Cricket Australia threw its ‘players to the wolves’ and should have owned up to cheating: crisis comms panel

Cricket Australia needed to respond faster to the ball-tampering scandal involving players Dave Warner, Steve Smith and Cameron Bancroft and shouldn’t have thrown its “players to the wolves”, the audience at Mumbrella360 has heard.

On the crisis communications panel, Sefiani Communications Group founder and managing director Robyn Sefiani noted cricket fans deserved and expected an explanation of what had actually happened and an outline of what was going to happen next.

Mumbrella360’s crisis communications panelists: Robyn Sefiani, David Breen, Brian Shrowder and Dr Neryl East

“James Sutherland [the CEO of Cricket Australia] took his time to get over to South Africa,” she said.

“The CEO did not come out assertively enough at the beginning, he didn’t use the word ‘cheating’ and that was his biggest downfall, he talks about ‘ball tampering’ but come on, they were cheating to get an unfair advantage in the game, so that was the biggest problem.”

Outlining one thing she would have changed up front had she had been involved in Cricket Australia’s crisis communications team, Sefiani said it would have been to call out the cheating.

David Breen, the head of corporate affairs at ING Australia agreed with Sefiani, reminiscing about his shock at how quickly the players were thrown into a press conference.

“The players were thrown to the wolves unnecessarily,” Breen added, arguing the players should have been much more protected by Cricket Australia throughout the cheating scandal.

“I recall being shocked at how quickly they put the players in a mass press conference and those players were totally unprepared, some of those players were guilty, some were not and they were free wheeling, if you remember Smith, he was saying anything that came into his head at one point and I was thinking this is going to end very badly.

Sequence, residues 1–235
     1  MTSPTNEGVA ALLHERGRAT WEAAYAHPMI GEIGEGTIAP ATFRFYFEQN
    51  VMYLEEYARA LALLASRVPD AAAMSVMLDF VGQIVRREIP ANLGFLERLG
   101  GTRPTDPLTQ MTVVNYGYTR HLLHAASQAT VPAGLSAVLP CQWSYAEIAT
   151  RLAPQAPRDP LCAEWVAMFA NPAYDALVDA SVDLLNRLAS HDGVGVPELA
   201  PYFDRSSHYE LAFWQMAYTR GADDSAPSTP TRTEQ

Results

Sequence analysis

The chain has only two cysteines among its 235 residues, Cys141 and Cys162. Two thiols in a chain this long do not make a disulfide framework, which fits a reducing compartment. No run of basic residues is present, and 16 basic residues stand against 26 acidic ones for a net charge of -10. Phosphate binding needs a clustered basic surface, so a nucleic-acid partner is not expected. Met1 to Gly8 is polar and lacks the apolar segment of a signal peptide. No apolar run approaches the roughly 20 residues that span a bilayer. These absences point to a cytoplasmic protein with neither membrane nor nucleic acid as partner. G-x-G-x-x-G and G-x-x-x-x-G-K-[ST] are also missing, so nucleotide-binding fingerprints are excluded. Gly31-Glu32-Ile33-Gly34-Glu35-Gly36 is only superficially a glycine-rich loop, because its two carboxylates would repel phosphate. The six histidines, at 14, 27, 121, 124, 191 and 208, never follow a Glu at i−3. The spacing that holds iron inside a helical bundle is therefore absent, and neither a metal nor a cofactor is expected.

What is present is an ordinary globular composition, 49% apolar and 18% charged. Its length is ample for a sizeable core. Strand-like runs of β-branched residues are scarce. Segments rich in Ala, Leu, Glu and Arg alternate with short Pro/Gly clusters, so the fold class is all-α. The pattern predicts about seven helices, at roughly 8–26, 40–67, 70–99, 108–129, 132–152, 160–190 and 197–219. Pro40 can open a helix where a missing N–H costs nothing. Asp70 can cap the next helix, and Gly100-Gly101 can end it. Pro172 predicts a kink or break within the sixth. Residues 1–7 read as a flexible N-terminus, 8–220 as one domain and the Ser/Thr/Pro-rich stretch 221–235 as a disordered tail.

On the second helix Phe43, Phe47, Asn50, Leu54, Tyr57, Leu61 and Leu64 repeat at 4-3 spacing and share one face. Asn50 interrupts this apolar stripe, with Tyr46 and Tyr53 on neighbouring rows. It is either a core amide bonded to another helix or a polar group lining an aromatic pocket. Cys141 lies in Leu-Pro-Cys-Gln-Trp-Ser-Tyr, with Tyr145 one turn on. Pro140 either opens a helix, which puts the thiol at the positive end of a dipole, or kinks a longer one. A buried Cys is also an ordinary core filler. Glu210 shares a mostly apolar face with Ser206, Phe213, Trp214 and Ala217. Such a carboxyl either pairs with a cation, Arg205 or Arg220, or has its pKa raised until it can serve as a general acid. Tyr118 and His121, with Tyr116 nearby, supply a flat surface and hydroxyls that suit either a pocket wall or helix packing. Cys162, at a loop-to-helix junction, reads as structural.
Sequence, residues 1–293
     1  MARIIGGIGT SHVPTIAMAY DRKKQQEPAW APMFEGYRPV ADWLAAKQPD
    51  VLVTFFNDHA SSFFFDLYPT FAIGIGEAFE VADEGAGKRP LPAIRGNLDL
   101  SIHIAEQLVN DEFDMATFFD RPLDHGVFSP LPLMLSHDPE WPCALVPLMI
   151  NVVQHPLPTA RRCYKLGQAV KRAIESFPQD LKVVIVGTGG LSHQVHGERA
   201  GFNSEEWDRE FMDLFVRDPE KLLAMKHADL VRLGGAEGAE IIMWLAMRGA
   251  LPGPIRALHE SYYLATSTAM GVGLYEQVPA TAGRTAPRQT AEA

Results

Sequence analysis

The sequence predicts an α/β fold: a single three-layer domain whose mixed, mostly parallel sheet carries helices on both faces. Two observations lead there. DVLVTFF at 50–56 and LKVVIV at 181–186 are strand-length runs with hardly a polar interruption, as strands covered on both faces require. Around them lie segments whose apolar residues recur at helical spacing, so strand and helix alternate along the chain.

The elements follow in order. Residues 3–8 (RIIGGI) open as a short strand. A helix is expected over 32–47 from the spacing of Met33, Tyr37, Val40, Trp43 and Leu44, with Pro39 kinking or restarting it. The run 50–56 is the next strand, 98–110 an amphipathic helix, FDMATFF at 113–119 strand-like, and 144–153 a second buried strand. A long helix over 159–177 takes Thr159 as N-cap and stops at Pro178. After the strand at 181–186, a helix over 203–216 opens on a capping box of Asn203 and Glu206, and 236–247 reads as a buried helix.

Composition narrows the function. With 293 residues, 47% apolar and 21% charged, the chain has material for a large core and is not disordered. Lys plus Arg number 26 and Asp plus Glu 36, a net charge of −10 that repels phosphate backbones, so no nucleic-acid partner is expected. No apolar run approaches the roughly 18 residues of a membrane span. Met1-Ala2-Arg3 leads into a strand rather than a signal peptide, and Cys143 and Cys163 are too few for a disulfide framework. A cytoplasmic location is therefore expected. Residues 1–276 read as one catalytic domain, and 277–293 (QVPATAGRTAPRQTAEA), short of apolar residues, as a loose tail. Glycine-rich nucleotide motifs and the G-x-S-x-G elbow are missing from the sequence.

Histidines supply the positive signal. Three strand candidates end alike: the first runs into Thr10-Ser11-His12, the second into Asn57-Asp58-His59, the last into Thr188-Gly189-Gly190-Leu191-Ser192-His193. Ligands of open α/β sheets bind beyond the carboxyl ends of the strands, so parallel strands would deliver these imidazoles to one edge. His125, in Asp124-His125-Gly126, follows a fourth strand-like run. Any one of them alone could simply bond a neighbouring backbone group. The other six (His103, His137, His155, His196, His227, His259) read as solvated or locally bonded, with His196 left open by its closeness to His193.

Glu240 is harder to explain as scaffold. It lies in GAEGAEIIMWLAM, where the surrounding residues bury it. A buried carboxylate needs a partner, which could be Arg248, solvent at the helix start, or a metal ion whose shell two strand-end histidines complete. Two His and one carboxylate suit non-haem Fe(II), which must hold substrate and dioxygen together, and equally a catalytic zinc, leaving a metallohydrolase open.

“I thought that was totally unnecessary, but in terms of speed, yes the CEO should have been out there and should have been drawing a line in the sand, but they should have been far more considered and protective of the players in my view.”

The director of Neryl East Communications, Dr Neryl East, said Cricket Australia made the whole ordeal worse by putting forward the wrong spokesperson, warning companies going through a crisis to be careful when deciding “who does the talking”.

“It is that upfront response and this is part of pre-preparing… at least have some game plan in mind and really think through who you put up [to speak] and that is a decision you need to make before a crisis breaks out whatever the circumstances are.

“The wrong spokesperson sends a message, if they are ill prepared then they just make it worse and in my view they did in this case,” East added.

ING Australia’s Breen highlighted language as crucial for any brand, person or business embroiled in a crisis.

Drawing on Roseanne Barr’s recent racist slurs on Twitter – where she later blamed the sleeping tablet Ambient for her outburst – Breen said the brand acted appropriately in a fast and considered manner.

“The case study of Ambien is a great case study to really understand because they acted so quickly but it was so considered… Roseanne Barr is obviously a very big name in the States…  so to take on a big Hollywood celebrity on the rise [after a number of years out of television] is something that you do with a bit of consideration. But in this case she crossed the line and [Ambien] obviously decided that [it wasn’t] going to let [its] brand be used as a defence and came up with that clever line,” he said, in reference to the pharmaceutical company issuing a statement which said: “While all pharmaceutical treatments have side effects, racism is not a known side effect of any Sanofi medication.”

“Language is really important in a crisis, if you get the language right that can be 30 to 40% of the behaviour that really really works,” Breen said.

Sefiani said brands do however have to be “really careful” with language because it can work against you.

She used the example of when BP chief executive at the time, Tony Hayward,  said “I just want my life back” after the oil spill on the Gulf of Mexico.

“It is that judgement call again, what is appropriate and what isn’t,” Sefiani said. “You have got to be really cautious of saying ‘poor me’ when your organisation has actually caused the crisis in the first place.”


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